The Effect of Welfare on Work and Marriage: A View From the States
AbstractThis study provides a comprehensive examination of the work and family structure incentives of public assistance, focusing on the consequences of state-determined programs. Such an approach allows state policy- makers to understand the tradeoffs implicit in their current program parameters. It allows them to better identify alternative arrangements that may be more consistent with policy goals. And it discovers linkages between work and family structure incentives that may be otherwise difficult to discern. We follow the previous literature in working through a small set of common scenarios meant to represent typical experiences of public assistance recipients. However, accompanying this study is an EXCEL spreadsheet program that allows interested readers to extend the analysis for the complete set of program participation/family characteristics permutations. The spreadsheet has a user-friendly interface and may be downloaded from the internet.
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Bibliographic InfoPaper provided by EconWPA in its series HEW with number 0506001.
Length: 29 pages
Date of creation: 08 Jun 2005
Date of revision:
Note: Type of Document - pdf; pages: 29. This paper was published in the Cato Journal, Vol. 23, No. 3 (2004): 349-370.
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Web page: http://18.104.22.168
Other versions of this item:
- Mickey Hepner & W. Robert Reed, 2004. "The Effect of Welfare on Work and Marriage: A View from the States," Cato Journal, Cato Journal, Cato Institute, vol. 24(3), pages 349-370, Fall.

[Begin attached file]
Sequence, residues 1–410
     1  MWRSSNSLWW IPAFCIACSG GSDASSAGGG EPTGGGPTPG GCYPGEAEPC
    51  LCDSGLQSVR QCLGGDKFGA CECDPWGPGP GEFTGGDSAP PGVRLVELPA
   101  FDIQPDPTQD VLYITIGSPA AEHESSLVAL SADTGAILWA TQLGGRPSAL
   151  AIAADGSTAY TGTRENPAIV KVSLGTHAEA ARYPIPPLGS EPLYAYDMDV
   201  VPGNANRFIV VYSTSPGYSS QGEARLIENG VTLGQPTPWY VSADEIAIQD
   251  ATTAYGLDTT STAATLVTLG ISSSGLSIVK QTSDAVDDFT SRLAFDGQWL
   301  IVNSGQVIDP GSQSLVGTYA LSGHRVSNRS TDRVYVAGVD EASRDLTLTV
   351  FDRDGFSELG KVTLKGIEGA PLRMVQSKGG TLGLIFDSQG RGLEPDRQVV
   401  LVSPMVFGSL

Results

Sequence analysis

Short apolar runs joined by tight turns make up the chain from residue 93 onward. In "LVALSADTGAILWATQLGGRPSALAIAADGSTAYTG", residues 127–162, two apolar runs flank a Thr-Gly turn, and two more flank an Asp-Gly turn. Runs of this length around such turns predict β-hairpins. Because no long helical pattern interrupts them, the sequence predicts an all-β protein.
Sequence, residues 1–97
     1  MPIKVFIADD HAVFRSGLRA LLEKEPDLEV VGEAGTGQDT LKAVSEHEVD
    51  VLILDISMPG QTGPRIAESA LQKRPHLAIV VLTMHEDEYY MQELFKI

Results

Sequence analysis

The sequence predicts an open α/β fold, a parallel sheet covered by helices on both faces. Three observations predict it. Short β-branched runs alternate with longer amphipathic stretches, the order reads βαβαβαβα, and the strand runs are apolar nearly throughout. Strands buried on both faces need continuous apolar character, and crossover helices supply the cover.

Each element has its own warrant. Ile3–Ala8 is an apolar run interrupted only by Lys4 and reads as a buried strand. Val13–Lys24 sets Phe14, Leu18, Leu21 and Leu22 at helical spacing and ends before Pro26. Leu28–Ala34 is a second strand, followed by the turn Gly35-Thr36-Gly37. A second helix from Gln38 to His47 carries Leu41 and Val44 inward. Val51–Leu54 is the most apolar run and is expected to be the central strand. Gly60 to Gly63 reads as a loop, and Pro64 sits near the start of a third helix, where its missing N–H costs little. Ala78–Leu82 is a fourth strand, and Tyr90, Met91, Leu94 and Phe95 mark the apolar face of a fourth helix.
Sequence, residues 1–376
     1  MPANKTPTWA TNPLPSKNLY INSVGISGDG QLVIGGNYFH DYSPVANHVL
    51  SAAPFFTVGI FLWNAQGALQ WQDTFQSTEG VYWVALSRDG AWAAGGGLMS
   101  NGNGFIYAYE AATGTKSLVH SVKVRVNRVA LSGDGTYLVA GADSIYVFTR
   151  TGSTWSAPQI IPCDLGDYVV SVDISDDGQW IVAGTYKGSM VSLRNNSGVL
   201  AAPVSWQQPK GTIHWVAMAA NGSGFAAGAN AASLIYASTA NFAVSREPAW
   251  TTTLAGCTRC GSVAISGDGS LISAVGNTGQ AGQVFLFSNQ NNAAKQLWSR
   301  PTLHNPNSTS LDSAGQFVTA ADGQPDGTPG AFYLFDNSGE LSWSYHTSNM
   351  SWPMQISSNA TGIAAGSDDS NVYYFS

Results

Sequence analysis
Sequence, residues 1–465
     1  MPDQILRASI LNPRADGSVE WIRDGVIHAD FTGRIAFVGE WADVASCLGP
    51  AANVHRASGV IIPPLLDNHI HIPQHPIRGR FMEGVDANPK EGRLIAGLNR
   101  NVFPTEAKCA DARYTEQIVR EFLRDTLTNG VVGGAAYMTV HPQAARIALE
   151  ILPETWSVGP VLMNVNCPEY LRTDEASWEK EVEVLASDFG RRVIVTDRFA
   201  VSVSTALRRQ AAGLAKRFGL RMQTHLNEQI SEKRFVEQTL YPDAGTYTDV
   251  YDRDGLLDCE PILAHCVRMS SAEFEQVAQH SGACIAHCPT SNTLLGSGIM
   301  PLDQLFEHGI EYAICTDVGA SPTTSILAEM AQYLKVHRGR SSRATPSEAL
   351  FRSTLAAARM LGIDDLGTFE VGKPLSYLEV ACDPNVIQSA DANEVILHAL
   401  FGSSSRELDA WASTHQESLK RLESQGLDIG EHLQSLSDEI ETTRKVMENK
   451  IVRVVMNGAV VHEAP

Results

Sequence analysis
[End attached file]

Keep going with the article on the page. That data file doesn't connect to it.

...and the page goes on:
- I38 - Health, Education, and Welfare - - Welfare and Poverty - - - Government Programs; Provision and Effects of Welfare Programs
- J22 - Labor and Demographic Economics - - Demand and Supply of Labor - - - Time Allocation and Labor Supply
- J12 - Labor and Demographic Economics - - Demographic Economics - - - Marriage; Marital Dissolution; Family Structure
This paper has been announced in the following NEP Reports:
- NEP-ALL-2005-06-14 (All new papers)
Please report citation or reference errors to , or , if you are the registered author of the cited work, log in to your RePEc Author Service profile, click on "citations" and make appropriate adjustments.:
- Hilary Williamson Hoynes, 1996. "Work, Welfare, and Family Structure: What Have We Learned?," NBER Working Papers 5644, National Bureau of Economic Research, Inc.
- S. Dickert & S. Houser & J. K. Scholz, . "Taxes and the poor: A microsimulation study of implicit and explicit taxes," Institute for Research on Poverty Discussion Papers 1040-94, University of Wisconsin Institute for Research on Poverty.
- Louis Kaplow, 2006.
"Optimal Income Transfers,"
NBER Working Papers
12284, National Bureau of Economic Research, Inc.
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